An important step in finding a camcorder that will suit your needs is to ask yourself, "What is the main purpose of this purchase?" Determining what type of videos you plan to make will help you decide what type of camcorder you will need. If you're looking for a recommendation from someone, ask people who are making the same type of videos you would like to make, whether it's professional or just a fun video to commemorate your favorite pastime.
Research: Knowing Your Camcorders
Knowing what you're looking for in video equipment is half the battle. Decide what features you absolutely need and which features you'd like, but aren't completely necessary. Make a list. As you look at the accompanying buyer's guide grid you can easily see which cameras have the features you desire. If you come across a camera function you aren't familiar with, research it. Take this opportunity to educate yourself on the gear you will be buying and using.
Reading camcorder reviews can also be helpful since they provide valuable insight to the functionality and real world usability of the video camera you are looking to purchase. Videomaker has some great reviews on camcorders of all types - from consumer to professional.
What Features Will Your Budget Allow?
Once you have prepared a budget and list of needs, shopping for a camcorder should be a much smoother and time-efficient activity. At this point, you should already know what you're looking for. Now you just need to find it. Let's take a look at some of the camcorders that are available.
The Low Budget Range (Less than $500)
If you have said things like, "I want to find out if I like making videos before I spend a lot of money" or "I don't have a lot of money to spend, but I have a desire to make videos for a hobby" then this is probably the price range you will want to look at initially.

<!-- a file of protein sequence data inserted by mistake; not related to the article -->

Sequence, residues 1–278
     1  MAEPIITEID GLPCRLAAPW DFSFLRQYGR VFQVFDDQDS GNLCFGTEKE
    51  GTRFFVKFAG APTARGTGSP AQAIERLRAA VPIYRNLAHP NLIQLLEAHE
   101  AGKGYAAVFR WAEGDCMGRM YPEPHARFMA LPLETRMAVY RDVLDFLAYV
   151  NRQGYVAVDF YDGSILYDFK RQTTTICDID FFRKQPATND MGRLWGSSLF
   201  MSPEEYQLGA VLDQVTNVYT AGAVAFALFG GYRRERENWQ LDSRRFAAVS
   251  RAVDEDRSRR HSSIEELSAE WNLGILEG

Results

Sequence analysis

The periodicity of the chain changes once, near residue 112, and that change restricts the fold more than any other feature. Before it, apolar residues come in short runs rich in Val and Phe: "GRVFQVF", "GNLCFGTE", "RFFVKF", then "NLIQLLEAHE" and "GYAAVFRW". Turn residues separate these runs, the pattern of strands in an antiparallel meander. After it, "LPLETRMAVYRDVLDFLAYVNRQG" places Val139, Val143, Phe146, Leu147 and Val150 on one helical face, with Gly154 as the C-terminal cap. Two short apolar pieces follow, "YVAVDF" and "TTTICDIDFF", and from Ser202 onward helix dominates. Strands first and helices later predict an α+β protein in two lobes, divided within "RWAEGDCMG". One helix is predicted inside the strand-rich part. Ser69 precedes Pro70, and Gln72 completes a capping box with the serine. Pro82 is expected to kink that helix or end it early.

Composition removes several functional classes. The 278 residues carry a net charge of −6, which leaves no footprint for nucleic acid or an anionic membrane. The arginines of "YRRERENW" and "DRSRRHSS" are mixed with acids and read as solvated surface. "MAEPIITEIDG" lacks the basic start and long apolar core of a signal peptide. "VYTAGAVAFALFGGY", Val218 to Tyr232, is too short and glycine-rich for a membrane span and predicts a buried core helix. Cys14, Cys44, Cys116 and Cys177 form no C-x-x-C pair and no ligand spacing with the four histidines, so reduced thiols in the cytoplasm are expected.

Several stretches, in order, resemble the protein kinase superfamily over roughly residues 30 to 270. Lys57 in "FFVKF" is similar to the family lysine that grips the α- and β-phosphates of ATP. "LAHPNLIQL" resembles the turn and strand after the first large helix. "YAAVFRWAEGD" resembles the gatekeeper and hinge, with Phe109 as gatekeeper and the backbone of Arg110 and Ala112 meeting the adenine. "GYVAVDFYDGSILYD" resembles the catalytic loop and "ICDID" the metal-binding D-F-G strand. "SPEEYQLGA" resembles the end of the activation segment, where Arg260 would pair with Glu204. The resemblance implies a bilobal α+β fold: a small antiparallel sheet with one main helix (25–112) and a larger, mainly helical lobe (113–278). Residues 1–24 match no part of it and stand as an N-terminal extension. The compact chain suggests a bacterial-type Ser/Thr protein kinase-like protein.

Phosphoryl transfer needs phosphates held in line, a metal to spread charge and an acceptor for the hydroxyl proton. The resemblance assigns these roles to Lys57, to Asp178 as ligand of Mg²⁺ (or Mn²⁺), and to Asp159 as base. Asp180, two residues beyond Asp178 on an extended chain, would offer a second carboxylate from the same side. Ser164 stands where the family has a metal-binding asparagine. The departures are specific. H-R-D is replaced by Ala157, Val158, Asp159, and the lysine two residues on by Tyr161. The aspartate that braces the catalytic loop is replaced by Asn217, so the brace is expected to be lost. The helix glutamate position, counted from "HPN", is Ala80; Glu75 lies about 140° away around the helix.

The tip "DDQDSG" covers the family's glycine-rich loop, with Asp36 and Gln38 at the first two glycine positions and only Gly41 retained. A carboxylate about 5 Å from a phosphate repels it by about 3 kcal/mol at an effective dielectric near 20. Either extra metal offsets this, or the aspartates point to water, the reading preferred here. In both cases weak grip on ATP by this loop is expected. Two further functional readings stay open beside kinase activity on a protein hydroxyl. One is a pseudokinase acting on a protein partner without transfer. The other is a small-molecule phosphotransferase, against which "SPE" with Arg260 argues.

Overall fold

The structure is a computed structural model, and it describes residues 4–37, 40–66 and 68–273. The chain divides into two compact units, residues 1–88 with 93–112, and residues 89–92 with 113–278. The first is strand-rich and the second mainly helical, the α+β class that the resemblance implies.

Samsung HMX-H300BX - $350
If you're looking for a camcorder to chronicle your travels with, or to record your children scoring at their big game, the Samsung H300 may be a good option. Weighing in at only a half pound, this petite camcorder is considerably lightweight and small enough to take anywhere. Additionally, its 30x optical zoom will allow you to get close to your subject while shooting at a distance. It records 1920x1080/60i video with an option for 60p at 1280x720 resolution. Features can be accessed with the 3.0-inch LCD touchscreen along with white balance, shutter and focus. However, the H300 must record to an SD/SDHC card. To skip the card, 16GB internal memory is available with the next model up, the Samsung H304, for about $100 more. This camera has no input for external mics.
The Mid Budget Range ($500 - $1,500)
If you have said things like, "I need a camcorder that will give me better image control, while being moderately priced," this could be a good range to shop in. At this price range, you'll start to find larger image sensors than in the lower-priced camcorders. Additionally, camcorders in this range will tend to have more features allowing for more flexibility.
Canon VIXIA HF M52 - $750